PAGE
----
Common Sense from an AI-Centric Outfit: How Refreshing

July 11, 2024

green-dino_thumb_thumb_thumb_thumb_tThis essay is the work of a dumb dinobaby. No smart software required.

In the wild and wonderful world of smart software, common sense is often tucked beneath a stack of PowerPoint decks and vaporized in jargon-spouting experts in artificial intelligence. I want to highlight “Interview: Nvidia on AI Workloads and Their Impacts on Data Storage.” An Nvidia poohbah named Charlie Boyle output some information that is often ignored by quite a few of those riding the AI pony to the pot of gold at the end of the AI rainbow.


The King Arthur of senior executives is confident that in his domain he is the master of his information. By the way, this person has an MBA, a law degree, and a CPA certification. His name is Sir Walter Mitty of Dorksford, near Swindon. Thanks, MSFT Copilot.  Good enough.

Here’s the pivotal statement in the interview:

… a big part of AI for enterprise is understanding the data you have.

Yes, the dwellers in carpetland typically operate with some King Arthur type myths galloping around the castle walls; specifically:

Myth 1: We have excellent data

Myth 2: We have a great deal of data and more arriving every minute our systems are online

Myth 3: Out data are available and in just a few formats. Processing the information is going to be pretty easy.

Myth 4: Out IT team can handle most of the data work. We may not need any outside assistance for our AI project.

Will companies map these myths to their reality? Nope.

The Nvidia expert points out:

…there’s a ton of ready-made AI applications that you just need to add your data to.

“Ready made”: Just like a Betty Crocker cake mix my grandmother thought tasted fake, not as good as home made. Granny’s comment could be applied to some of the AI tests my team have tracked; for example, the Big Apple’s chatbot outputting  comments which violated city laws or the exciting McDonald’s smart ordering system. Sure, I like bacon on my on-again, off-again soft serve frozen dessert. Doesn’t everyone?

The Nvidia experts offers this comment about storage:

If it’s a large model you’re training from scratch you need very fast storage because a lot of the way AI training works is they all hit the same file at the same time because everything’s done in parallel. That requires very fast storage, very fast retrieval.

Is that a problem? Nope. Just crank up the cloud options. No big deal, except it is. There are costs and time to consider. But otherwise this is no big deal.

The article contains one gems and wanders into marketing “don’t worry” territory.

From my point of view, the data issue is the big deal. Bad, stale, incomplete, and information in odd ball formats — these exist in organizations now. The mass of data may have 40 percent or more which has never been accessed. Other data are back ups which contain versions of files with errors, copyright protected data, and Boy Scout trip plans. (Yep, non work information on “work” systems.)

Net net: The data issue is an important one to consider before getting into the let’s deploy a customer support smart chatbot. Will carpetland dwellers focus on the first step? Not too often. That’s why some AI projects get lost or just succumb to rising, uncontrollable costs. Moving data? No problem. Bad data? No problem. Useful AI system? Hmmm. How much does storage cost anyway? Oh, not much.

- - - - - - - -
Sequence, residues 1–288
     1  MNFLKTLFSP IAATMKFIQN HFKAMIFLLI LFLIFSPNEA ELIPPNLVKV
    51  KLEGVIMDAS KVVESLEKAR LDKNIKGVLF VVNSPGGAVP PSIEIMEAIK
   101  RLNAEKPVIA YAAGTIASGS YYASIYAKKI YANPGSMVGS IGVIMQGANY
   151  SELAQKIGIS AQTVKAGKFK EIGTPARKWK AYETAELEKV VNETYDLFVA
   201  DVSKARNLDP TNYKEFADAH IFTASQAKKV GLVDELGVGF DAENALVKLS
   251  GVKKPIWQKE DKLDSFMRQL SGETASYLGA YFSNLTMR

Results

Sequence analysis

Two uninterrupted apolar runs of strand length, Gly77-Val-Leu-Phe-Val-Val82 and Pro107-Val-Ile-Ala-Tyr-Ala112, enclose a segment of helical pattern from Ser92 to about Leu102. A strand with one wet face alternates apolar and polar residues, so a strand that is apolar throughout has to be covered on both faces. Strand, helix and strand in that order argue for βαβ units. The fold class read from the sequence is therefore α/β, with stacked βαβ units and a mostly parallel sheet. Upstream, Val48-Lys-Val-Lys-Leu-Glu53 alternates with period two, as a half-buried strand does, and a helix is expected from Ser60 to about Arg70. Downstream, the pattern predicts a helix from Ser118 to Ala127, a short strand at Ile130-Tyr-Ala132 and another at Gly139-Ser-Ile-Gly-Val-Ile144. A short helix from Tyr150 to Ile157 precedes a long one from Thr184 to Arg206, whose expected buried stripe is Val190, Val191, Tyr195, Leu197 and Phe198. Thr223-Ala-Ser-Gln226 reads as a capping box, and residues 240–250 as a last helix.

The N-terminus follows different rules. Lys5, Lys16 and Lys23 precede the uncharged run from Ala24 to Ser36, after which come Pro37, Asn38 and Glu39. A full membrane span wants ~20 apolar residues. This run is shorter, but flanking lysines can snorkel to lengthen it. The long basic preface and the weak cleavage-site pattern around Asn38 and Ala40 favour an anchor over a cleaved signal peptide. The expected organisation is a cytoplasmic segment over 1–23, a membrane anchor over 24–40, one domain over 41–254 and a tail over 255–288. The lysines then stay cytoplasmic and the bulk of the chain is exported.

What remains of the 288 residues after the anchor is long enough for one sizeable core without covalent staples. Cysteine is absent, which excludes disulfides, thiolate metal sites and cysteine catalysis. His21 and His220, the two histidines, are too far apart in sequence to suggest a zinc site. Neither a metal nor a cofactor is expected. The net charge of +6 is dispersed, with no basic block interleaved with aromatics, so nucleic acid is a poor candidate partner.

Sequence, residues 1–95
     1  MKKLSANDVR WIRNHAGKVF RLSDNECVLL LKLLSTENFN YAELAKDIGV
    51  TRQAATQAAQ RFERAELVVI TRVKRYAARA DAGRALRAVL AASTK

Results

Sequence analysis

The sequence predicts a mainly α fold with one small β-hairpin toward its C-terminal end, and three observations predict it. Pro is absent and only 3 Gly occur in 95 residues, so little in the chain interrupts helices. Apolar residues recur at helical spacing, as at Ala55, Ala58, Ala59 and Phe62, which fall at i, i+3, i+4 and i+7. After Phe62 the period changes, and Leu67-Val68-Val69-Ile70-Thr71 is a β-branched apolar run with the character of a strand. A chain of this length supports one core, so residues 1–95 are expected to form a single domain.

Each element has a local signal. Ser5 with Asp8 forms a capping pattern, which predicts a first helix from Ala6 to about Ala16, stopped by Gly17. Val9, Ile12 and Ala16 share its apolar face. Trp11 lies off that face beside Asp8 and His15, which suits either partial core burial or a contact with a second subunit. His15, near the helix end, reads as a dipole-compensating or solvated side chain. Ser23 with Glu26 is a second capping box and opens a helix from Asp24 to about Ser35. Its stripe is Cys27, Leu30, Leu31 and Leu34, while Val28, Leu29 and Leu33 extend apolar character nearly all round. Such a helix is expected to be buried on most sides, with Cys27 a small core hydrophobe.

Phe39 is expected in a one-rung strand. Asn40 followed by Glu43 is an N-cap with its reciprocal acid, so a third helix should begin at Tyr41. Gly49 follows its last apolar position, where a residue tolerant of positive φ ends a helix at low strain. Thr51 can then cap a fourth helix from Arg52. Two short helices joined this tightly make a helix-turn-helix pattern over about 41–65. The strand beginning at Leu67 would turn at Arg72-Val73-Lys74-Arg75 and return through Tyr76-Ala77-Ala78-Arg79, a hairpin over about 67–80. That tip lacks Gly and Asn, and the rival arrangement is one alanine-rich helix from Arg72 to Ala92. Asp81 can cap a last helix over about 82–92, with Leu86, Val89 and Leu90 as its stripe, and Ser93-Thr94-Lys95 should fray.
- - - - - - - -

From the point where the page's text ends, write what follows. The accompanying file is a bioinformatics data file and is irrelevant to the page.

Stephen E Arnold, July 11, 2024

Mastercard and Customer Information: A Lone Ranger?

October 26, 2023

Vea4_thumb_thumb_thumb_thumb_thumb_t[2]Note: This essay is the work of a real and still-alive dinobaby. No smart software involved, just a dumb humanoid.

In my lectures, I often include a pointer to sites selling personal data. Earlier this month, I explained that the clever founder of Frank Financial acquired email information about high school students from two off-the-radar data brokers. These data were mixed with “real” high school student email addresses to provide a frothy soup of more than a million email addresses. These looked okay. The synthetic information was “good enough” to cause JPMorgan Chase to output a bundle of money to the alleged entrepreneur winners.

10 16 eel trust

A fisherman chasing a slippery eel named Trust. Thanks, MidJourney. You do have a knack for recycling Godzilla art, don’t you?

I thought about JPMorgan Chase when I read “Mastercard Should Stop Selling Our Data.” The article makes clear that Mastercard sells its customers (users?) data. Mastercard is a financial institution. JPMC is a financial institution. One sells information; the other gets snookered by data. I assume that’s the yin and yang of doing business in the US.

The larger question is, “Are financial institutions operating in a manner harmful to themselves (JPMC) and harmful to others (personal data about Mastercard customers (users?). My hunch is that today I am living in an “anything goes” environment. Would the Great Gatsby be even greater today? Why not own Long Island and its railroad? That sounds like a plan similar to those of high fliers, doesn’t it?

The cited article has a bias. The Electronic Frontier Foundation is allegedly looking out for me. I suppose that’s a good thing. The article aims to convince me; for example: